PhotoWhat a great time to visit and support our national parks as they celebrate their centennial this year. Majestic, spectacular, and glorious are some of the adjectives you’ll use to describe the natural splendor of our National Park System; in fact, you will quickly run out of superlatives.  

Visiting a park is easy; you’ll find national park sites in every state, the District of Columbia, American Samoa, Guam, Puerto Rico, and the Virgin Islands. Whatever outdoor activities you enjoy, whether you like parks that are large or small, nearby or a destination, there is a park for you.

Five interesting national park facts:

While President Woodrow Wilson signed the act that created the National Park Service in 1916, it was President Ulysses S. Grant who signed the act in 1872 that created our nation's first national park, Yellowstone National Park.

The National Park Service includes more than national parks, though. There are over 400 areas which include: monuments, battlefields, military parks, historical parks, historic sites, lakeshores, seashores, recreation areas, scenic rivers and trails, and, surprisingly, the White House.

The five most visited national parks are: Great Smoky Mountains National Park, Grand Canyon National Park, Yosemite National Park, Yellowstone National Park, and Rocky Mountain National Park.

The five most visited places in the National Park System are: Golden Gate National Recreation Area, Blue Ridge Parkway, Great Smoky Mountains National Park, George Washington Memorial Parkway, and the Lincoln Memorial.

The largest national park site is Wrangell - St. Elias, National Park & Preserve in Alaska with 13.2 million acres while Thaddeus Kosciuszko National Memorial in Pennsylvania is the smallest with .02 acres.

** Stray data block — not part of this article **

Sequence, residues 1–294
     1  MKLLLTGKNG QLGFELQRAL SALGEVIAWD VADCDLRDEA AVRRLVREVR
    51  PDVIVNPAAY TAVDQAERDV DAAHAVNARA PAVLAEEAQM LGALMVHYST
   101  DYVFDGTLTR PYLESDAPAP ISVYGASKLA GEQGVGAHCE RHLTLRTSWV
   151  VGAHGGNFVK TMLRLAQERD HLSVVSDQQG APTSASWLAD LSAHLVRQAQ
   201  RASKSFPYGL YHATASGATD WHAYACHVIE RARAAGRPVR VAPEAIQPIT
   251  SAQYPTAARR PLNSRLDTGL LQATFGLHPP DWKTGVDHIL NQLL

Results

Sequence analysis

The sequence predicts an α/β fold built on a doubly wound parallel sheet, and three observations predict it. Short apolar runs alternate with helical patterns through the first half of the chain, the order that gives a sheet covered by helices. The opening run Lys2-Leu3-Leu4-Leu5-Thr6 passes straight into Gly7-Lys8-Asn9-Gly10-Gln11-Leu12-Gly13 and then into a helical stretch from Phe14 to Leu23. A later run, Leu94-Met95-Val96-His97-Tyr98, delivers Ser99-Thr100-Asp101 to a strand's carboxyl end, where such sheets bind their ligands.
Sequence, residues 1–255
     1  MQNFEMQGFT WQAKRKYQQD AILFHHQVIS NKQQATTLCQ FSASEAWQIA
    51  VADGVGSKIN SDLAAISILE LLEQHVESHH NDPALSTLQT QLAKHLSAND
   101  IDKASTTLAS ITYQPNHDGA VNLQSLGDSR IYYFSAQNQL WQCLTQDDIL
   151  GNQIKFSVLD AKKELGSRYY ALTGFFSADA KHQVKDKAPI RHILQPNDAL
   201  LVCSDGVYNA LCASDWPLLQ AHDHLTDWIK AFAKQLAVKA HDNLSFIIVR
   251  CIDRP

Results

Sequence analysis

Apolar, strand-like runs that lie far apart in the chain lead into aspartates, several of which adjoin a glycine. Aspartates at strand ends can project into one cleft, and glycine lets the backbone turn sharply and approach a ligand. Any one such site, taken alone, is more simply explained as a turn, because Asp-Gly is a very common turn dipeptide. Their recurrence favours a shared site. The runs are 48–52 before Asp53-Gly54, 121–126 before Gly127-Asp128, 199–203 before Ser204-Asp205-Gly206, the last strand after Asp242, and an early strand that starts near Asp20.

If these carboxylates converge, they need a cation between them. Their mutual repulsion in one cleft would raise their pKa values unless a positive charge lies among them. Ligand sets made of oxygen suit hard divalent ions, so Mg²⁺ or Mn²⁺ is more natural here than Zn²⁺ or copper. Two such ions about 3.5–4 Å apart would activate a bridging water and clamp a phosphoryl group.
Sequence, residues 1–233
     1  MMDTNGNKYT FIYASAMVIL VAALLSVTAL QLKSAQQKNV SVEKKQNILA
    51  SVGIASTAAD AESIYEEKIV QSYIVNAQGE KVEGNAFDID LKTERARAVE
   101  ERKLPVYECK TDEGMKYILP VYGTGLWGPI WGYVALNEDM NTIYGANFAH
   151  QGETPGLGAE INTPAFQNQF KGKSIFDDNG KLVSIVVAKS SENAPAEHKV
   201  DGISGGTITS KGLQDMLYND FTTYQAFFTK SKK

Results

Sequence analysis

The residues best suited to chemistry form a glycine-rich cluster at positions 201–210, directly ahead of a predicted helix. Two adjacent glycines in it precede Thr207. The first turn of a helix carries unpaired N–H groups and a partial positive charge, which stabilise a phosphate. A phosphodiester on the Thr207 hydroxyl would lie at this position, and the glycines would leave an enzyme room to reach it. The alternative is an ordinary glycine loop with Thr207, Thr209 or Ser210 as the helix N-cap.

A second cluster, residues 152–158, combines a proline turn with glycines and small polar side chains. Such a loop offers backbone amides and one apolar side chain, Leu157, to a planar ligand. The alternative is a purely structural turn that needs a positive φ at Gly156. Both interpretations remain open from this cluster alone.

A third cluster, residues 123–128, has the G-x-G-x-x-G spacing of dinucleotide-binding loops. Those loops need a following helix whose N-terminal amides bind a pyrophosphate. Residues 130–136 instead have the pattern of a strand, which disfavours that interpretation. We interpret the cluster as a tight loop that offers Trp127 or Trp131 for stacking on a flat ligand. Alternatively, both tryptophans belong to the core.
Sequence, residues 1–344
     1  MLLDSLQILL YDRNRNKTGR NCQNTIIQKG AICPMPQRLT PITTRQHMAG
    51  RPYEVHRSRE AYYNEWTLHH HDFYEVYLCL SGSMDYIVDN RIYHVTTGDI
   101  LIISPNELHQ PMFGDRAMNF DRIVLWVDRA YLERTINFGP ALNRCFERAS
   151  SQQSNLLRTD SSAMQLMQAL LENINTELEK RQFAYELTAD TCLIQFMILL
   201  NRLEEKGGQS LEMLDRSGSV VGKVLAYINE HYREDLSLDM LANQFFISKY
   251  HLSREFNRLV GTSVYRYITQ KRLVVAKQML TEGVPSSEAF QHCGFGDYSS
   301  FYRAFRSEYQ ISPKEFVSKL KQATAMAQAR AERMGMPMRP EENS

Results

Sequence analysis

What to do

PhotoHow can you join the Centennial celebration?

Visit a national park site. Use the National Park Service’s website to find a park.

Purchase a pass. An annual park pass is $80, allowing access to 2,000 federal recreation sites.

Get a free or discounted pass. Free passes are available for current U.S. military and their dependents, U.S. citizens or permanent residents with permanent disabilities, and fourth graders.

Seniors (62 or over and U.S citizens or permanent residents) are eligible for a $10 lifetime pass.

Buy a Passport to your National Parks, 2016 Centennial Edition. The cost is $9.95 for adults (Kid’s Pass is $6.95) at, the official online store of America’s National Parks.

Divided into regions, it serves as a guide to the parks and a great souvenir to commemorate your visit. In it you’ll find maps, park information, and space for you to get rubber stamp cancellations and stamps from individual parks. For park locations that participate in the stamp program, go here.

Support the National Park Service. Make a donation to your favorite national park, a park’s friends group, or the National Park Foundation.

Give of yourself and volunteer with the National Park Service.

Shop from over 150 park stores.

Whether you are a first-time or veteran visitor of our national parks, this is a great year to explore our nation’s beauty and support our national heritage.

Share your Comments